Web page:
Don't blame the broadcasters
South Africans were justifiably angry and upset last week—national broadcaster SABC failed to secure the rights for the match between Bafana Bafana and Niger in Niamey. Had it been cricket or rugby, some argued, the match would have been broadcast, even if it had been at an ungodly hour of the morning.
But, the truth be told, their abuse was aimed at the wrong target.
Consider, the situation was much the same in Nigeria where supporters of the Super Eagles wanted to see their team in action against Madagascar in Antananarivo but the Nigerian Broadcasting Authority failed to secure the rights.
And a month ago Zambians found themselves in a similar situation—the Zambian National Broadcasting Corporation couldn’t beam live coverage of Chipolopolo’s match against Mozambique in Maputo.
But there is very little football supporters can do, as their own federations have awarded the broadcasting rights to the Confederation of African Football (CAF).
A former employee of the South African Football Association (Safa), whether under duress or not, signed over the organisation’s rights to the CAF despite the fact that it waived Safa’s right to negotiate deals with television stations and generate much-needed funds to run their affairs.
The CAF, in turn, awarded the rights to a French-based marketing company, Sportfive, which does not seem to care whether African supporters are deprived of the opportunity to watch their national teams in action. Its demands are simple—pay up or face a blackout.
There is another twist to the whole sorry saga. The vice-president of Sportfive is Ibrahim Hayatou, the son of Issa Hayatou, the president of the CAF. Even if young Hayatou was employed by Sportfive on merit, the deal smacks of nepotism.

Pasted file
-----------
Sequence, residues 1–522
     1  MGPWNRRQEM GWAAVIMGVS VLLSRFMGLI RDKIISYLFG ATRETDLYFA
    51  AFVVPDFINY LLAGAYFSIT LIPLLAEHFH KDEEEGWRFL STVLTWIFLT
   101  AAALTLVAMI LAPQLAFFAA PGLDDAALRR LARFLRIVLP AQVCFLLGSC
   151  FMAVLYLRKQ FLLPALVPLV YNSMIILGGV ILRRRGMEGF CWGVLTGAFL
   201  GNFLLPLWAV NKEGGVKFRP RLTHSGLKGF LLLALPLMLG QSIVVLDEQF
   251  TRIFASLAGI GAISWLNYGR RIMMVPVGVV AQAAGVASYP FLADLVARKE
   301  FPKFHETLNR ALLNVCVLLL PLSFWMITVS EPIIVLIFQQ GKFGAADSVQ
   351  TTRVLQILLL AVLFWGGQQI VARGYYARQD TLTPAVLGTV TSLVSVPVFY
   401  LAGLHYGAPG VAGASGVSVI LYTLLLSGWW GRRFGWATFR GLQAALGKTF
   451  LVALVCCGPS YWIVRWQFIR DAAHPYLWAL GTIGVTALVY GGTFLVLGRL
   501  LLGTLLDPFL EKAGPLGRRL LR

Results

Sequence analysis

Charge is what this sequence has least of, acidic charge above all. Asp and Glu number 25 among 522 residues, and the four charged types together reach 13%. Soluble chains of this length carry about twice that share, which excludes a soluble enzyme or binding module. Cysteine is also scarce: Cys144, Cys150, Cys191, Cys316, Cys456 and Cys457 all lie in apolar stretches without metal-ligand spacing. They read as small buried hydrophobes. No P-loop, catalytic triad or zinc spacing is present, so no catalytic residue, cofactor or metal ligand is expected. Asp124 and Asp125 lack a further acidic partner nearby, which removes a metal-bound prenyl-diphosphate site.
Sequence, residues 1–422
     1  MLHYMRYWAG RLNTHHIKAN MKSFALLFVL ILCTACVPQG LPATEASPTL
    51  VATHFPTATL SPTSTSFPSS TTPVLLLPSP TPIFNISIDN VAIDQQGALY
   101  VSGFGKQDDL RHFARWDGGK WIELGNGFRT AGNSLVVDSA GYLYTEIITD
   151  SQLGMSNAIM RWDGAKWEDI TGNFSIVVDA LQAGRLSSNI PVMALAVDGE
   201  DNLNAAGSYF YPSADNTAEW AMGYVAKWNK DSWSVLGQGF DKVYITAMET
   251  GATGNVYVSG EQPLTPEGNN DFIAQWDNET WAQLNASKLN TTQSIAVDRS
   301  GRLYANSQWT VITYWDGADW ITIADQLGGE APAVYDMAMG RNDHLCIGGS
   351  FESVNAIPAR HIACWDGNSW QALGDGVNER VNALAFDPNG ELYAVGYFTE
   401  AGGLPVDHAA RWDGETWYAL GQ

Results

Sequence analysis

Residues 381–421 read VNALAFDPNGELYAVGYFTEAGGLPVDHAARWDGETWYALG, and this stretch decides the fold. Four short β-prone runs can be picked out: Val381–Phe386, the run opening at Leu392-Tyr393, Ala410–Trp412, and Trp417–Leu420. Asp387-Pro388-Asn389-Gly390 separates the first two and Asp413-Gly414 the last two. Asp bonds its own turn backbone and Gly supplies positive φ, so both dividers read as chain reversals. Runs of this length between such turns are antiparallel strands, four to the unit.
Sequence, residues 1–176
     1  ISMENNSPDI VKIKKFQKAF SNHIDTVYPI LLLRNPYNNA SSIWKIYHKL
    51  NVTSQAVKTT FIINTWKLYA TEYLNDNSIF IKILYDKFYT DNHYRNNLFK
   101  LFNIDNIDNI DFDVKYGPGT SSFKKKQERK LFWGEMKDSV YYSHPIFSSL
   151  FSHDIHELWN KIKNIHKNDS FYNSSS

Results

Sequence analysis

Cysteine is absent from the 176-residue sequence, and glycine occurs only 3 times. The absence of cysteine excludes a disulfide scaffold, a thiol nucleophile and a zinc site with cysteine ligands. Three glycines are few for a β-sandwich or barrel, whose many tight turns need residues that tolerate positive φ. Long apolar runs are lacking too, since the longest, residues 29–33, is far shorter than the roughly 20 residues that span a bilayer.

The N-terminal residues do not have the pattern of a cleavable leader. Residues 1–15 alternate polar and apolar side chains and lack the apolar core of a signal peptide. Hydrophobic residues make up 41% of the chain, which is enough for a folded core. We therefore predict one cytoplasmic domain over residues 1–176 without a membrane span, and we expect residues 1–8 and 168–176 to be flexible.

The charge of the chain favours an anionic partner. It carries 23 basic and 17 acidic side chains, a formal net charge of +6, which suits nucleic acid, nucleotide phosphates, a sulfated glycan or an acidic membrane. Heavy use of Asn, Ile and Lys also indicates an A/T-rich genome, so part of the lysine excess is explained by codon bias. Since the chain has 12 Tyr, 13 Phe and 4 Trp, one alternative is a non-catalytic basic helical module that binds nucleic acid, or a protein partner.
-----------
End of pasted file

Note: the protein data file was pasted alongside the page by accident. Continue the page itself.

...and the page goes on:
The entire CAF executive committee took the decision to award Sportfive the broadcasting rights to all their events until 2016, which raises another question: Why was a foreign marketing company chosen and not an African one?
It also raises the question of prize money in CAF competitions. For instance, Barcelona and Manchester United received a combined figure of €100-million as prize money in last year’s Uefa Champions League. The money accrued from the sale of broadcasting rights.
If you compare that figure with the $1.5-million that has been awarded annually to the African Champions League winners for the past eight years, it boggles the mind. How has awarding the broadcasting rights to a foreign company benefited African football, particularly if the prize money from the sale of the rights is so pitiful?